How much will you be charged? Credit cards disclose how they calculate the interest they’ll charge in those thin-papered, lengthy disclosures they send you, but in general, for every day that you have a balance during that month, you’ll owe that day’s balance multiplied by your daily periodic rate. You get your daily periodic rate by dividing your APR by 365. So the daily rate for a 20% APR is 0.054%. Depending on the card issuer, this rate may compound daily, meaning you will pay interest upon your interest each day.
You’ll see charges for this balance on next month’s bill. You started the new billing period with a balance, so you won’t have a grace period in the new billing cycle, either. At the end of the new month, you’ll pay for the interest on last month’s balance, which runs into the new month’s balance as well, plus interest on any new charges you make all month, and of course, a late fee for not paying on time. In addition, you may pay “trailing interest” the following month. More on that in a moment.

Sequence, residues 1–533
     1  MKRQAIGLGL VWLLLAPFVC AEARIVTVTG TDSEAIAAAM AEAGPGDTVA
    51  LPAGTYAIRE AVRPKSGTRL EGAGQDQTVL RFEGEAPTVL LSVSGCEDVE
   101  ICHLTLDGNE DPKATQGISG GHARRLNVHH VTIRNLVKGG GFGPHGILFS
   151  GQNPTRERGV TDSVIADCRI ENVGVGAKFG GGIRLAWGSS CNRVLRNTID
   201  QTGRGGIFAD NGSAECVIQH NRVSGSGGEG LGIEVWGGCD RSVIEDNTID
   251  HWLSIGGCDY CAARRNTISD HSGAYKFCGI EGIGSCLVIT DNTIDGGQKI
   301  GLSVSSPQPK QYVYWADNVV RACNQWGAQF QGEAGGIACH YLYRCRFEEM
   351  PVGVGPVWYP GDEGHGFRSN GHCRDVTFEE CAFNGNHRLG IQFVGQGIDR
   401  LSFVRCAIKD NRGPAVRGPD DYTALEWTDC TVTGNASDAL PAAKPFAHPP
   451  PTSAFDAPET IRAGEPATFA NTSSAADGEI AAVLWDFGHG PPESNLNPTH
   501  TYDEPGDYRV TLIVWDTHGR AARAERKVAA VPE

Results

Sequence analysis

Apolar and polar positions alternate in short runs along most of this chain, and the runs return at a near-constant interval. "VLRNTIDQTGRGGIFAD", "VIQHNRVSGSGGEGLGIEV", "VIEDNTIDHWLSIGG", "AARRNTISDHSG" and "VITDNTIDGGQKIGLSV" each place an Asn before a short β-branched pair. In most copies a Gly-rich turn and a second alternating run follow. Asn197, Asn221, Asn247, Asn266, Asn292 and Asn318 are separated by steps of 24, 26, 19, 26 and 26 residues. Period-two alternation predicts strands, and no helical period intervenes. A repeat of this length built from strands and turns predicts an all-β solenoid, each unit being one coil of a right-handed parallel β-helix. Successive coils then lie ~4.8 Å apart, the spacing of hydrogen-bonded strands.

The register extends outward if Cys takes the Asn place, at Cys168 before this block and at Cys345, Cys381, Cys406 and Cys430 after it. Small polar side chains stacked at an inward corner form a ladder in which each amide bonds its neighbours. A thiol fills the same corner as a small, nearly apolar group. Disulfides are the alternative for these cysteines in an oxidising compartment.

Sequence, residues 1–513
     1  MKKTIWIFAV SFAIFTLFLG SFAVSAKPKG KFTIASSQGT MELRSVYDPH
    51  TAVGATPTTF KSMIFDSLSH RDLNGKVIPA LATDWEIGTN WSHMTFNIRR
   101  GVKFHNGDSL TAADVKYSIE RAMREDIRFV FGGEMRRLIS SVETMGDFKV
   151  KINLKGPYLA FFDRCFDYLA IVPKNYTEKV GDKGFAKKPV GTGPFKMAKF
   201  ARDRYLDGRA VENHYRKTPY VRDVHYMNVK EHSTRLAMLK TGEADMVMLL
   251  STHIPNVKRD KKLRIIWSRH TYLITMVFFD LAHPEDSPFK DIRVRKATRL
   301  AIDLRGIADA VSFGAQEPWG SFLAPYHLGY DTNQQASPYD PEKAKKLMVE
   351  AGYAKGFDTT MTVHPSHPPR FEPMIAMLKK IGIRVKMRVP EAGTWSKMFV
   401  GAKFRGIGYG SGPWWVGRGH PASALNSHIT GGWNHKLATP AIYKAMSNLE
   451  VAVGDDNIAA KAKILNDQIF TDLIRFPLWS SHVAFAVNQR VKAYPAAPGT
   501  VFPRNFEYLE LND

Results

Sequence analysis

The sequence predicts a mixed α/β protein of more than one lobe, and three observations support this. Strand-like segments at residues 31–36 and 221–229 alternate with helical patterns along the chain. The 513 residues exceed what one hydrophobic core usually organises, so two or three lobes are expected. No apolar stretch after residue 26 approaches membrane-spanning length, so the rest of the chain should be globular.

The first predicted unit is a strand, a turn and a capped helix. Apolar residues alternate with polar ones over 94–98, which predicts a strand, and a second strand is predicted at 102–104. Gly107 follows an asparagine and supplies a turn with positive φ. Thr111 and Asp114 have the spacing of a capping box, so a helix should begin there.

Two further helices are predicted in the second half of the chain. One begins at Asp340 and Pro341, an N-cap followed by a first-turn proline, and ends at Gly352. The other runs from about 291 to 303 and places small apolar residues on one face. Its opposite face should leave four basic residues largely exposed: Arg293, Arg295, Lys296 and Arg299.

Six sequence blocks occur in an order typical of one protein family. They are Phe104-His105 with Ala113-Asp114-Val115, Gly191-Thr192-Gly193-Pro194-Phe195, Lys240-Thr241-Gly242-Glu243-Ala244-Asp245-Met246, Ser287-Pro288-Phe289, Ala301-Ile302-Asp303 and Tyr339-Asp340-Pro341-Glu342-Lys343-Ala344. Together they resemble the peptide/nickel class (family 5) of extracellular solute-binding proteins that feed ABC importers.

2. When you pay on time, but not the full balance
As we mentioned before, the grace period that cards offer only applies when you start the billing cycle with no balance. If you charged $1,000 last month, but only paid $900, you are starting the new billing cycle with a $100 balance. You might think that the bank would start charging interest only on the $100 balance that starts at the new billing period. But that’s not so.